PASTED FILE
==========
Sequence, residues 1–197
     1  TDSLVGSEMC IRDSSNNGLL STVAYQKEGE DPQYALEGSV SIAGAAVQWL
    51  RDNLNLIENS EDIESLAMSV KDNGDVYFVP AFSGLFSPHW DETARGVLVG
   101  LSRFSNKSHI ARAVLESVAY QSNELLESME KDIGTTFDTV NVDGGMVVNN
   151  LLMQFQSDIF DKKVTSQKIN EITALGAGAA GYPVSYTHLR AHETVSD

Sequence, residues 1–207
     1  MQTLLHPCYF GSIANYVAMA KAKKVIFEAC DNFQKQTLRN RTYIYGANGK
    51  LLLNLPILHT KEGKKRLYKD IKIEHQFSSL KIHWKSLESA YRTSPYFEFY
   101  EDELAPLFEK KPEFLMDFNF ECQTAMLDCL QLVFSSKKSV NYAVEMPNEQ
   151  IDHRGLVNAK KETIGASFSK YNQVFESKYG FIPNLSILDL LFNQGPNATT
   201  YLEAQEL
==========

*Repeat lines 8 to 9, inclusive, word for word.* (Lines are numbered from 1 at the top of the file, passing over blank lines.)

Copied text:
    51  LLLNLPILHT KEGKKRLYKD IKIEHQFSSL KIHWKSLESA YRTSPYFEFY
   101  EDELAPLFEK KPEFLMDFNF ECQTAMLDCL QLVFSSKKSV NYAVEMPNEQ